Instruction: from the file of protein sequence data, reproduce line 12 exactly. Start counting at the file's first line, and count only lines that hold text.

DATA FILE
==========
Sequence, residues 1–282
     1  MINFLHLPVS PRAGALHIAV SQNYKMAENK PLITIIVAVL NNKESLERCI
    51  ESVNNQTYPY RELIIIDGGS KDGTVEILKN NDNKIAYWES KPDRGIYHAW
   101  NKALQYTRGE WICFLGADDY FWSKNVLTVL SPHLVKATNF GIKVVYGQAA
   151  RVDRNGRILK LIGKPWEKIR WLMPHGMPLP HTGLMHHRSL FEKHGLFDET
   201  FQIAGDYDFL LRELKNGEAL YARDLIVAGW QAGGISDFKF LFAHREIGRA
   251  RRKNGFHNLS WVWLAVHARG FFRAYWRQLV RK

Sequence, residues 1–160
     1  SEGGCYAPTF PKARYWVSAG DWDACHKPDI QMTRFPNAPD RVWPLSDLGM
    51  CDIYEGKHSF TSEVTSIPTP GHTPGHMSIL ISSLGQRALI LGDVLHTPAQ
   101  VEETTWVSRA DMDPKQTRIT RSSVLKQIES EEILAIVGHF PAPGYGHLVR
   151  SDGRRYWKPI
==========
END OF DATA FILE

   151  SDGRRYWKPI